- Developer's Best Practices
- What is Practice?
- Code Reading & Reading
- Documentation is the Key
- Follow the Standards
- Write to be Reviewed
- Testing is the Religion
- Keep the Assets Safely
- Handy Tools & Techniques
- Eager to Learn
- Useful Resources
Today's professional life is very dynamic and to move along with it we need a proper career planning. When you start your career as a software developer, you really do not know how exactly you will perform in the industry, though you have confidence that whatever you do, will be done in the best way. So take some time to investigate yourself, what are your major strengths and weaknesses and based on at least 3-4 years of experience you can come up with different options:
Do you want to continue as software developer forever, which could be a very good option and there are many people, who love coding forever.
If you are very good in designing software components and your past designs have been appreciated a lot, then you can think to go in technical side and become software architect.
If you are very good in managing things, have good command over people and have great convincing abilities, then you can think of going towards management role, which will start with leading a small team.
If you are very good in managing things and at the same time you have great architectural sense, then you can think of becoming techno-manager, where you will keep contributing in designing components and will manage team and projects.
Whatever it is, you must be aware of where do you want to reach. Once you are sure about this, you should start working in the same direction starting from your project preference till your trainings and certifications. Your current organization may not be giving you appropriate opportunity to reach your desired destination then you can wait for right time and make a move to other good organization but it should not be very frequent. I have seen guys doing monkey jump every six months from one organization to another one just because of little hike and it’s being done without a proper thinking and proper planning but these fellows do not know what they are losing in long run.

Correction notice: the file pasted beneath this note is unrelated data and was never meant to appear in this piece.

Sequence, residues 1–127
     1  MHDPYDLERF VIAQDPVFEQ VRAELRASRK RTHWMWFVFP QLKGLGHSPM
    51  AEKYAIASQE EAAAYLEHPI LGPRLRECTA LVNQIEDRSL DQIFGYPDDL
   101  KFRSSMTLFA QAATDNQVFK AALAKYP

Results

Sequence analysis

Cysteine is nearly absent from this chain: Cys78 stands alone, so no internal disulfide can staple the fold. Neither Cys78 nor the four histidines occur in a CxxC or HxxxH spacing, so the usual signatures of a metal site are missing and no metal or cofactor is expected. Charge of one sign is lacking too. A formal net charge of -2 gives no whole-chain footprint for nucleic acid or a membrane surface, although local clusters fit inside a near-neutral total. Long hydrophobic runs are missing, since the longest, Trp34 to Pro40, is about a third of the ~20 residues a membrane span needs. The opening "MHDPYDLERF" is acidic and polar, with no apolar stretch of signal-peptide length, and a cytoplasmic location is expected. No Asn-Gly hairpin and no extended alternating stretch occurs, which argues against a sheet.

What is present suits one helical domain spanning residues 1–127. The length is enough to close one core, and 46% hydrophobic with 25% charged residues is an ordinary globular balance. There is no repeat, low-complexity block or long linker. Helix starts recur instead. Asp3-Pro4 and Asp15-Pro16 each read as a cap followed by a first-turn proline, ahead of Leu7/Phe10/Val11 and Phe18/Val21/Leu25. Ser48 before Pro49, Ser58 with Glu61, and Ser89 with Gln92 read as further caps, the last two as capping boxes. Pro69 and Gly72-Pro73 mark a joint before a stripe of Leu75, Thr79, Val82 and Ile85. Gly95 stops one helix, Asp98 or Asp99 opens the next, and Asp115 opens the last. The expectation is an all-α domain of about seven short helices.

You can discuss about your career path with your manager/line manager and most of the organizations have standard career path defined for their employees, so you can check if it suits your interests and work accordingly.
When to make a move?
This is very interesting question that when I should move to another organization, but I can not answer it in simple words. You know your career path and if your current organization is enough to put you at your final destination, then why do you want to leave it. Leaving an organization just because of few bucks is never a good reason, even leaving organizations too frequently is not a good idea though you are getting great position and big hikes, this is simply because you are losing your credibility and none of the good companies will rely on you because you are always behind money and position, so who knows when you will leave them.
If you have some internal HR or Management issues within your organization, then try to resolve them because you never know your next organization may have even bigger issues than your current organization. You can discuss your issues with your manager, director or with HR and resolve them gracefully.
If you see no further growth and good career options in the current organization and same time your learning curve got a saturation, then its time to make a shift to another organization. There may be a situation when you are not getting a fat salary and having great position in your current organization but you are learning a lot, which will add a lot of value in your resume and your career, then better to stick with the current organization until your learning is over.